Jump to ContentJump to Main Navigation
Ordinary DemocracySovereignty and Citizenship Beyond the Neoliberal Impasse$
Users without a subscription are not able to see the full content.

Ali Aslam

Print publication date: 2017

Print ISBN-13: 9780190601812

Published to Oxford Scholarship Online: December 2016

DOI: 10.1093/acprof:oso/9780190601812.001.0001

Show Summary Details
Page of

PRINTED FROM OXFORD SCHOLARSHIP ONLINE (oxford.universitypressscholarship.com). (c) Copyright Oxford University Press, 2021. All Rights Reserved. An individual user may print out a PDF of a single chapter of a monograph in OSO for personal use. date: 19 January 2021

Inspiring Solidarity

Inspiring Solidarity

(p.76) 3 Inspiring Solidarity
Ordinary Democracy

Ali Aslam

Oxford University Press

This chapter reflects broadly on the concepts of sovereignty, democracy, and public philosophy animating Judith Butler’s recent writing, focusing on her reading of the 2011 protests to remove Eqyptian President Hosni Mubarak from office. For Butler, solidarity among the protestors originated in the shared experience of bodily vulnerability as they tried to hold Tahrir Square. The chapter suggests that Butler overstates the significance of bodily assembly. She overlooks the role that interfaith acts of cooperation played in bridging the mistrust across sectarian and religious/secular divisions sewn by Mubarak during his long rule. It focuses on how the Friday Islamic congregational prayer and Sunday Mass animated passive forms of solidarity and inspired courage among Egyptians. Butler’s interest in identifying radical democracy with practices of mutual vulnerability and recognition cause her to neglect the protestors’ demands for democratic rule that included constitutional reforms to protect the gains of the revolution.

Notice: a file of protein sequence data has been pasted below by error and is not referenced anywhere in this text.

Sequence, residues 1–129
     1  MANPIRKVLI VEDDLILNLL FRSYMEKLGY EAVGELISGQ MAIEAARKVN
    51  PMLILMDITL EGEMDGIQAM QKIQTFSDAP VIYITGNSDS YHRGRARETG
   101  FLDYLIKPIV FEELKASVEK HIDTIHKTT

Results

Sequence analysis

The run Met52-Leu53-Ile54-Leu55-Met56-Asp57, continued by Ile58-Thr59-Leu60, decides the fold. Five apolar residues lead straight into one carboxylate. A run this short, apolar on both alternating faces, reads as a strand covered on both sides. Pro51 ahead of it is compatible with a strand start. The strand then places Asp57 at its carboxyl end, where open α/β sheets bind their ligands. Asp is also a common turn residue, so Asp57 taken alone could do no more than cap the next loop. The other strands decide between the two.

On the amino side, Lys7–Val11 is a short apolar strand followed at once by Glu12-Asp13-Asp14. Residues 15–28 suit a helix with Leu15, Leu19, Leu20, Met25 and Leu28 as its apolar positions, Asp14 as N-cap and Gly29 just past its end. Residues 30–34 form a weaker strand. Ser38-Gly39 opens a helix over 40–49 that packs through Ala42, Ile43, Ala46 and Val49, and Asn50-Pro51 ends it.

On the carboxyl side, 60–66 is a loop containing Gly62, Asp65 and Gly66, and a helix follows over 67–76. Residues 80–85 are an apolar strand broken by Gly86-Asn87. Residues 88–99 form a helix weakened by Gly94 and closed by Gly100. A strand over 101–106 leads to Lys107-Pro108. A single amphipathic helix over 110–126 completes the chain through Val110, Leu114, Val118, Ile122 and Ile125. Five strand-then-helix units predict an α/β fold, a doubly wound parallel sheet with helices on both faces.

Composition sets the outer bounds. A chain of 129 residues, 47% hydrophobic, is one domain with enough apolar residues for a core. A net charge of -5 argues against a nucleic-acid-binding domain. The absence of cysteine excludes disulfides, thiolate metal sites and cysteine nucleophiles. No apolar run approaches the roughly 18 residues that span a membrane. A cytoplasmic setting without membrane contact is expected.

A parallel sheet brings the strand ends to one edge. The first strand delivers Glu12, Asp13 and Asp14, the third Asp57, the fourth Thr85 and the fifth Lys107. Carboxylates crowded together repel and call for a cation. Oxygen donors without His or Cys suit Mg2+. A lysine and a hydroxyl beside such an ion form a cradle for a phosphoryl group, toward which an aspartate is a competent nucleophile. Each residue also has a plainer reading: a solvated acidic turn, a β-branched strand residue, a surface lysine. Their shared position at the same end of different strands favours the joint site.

Keywords:   Judith Butler, Egyptian Revolution, Arab Spring, Tahrir Square, assembly, occupation, bodily practice, solidarity, mutual vulnerability, precarity

Oxford Scholarship Online requires a subscription or purchase to access the full text of books within the service. Public users can however freely search the site and view the abstracts and keywords for each book and chapter.

Please, subscribe or login to access full text content.

If you think you should have access to this title, please contact your librarian.

To troubleshoot, please check our FAQs , and if you can't find the answer there, please contact us .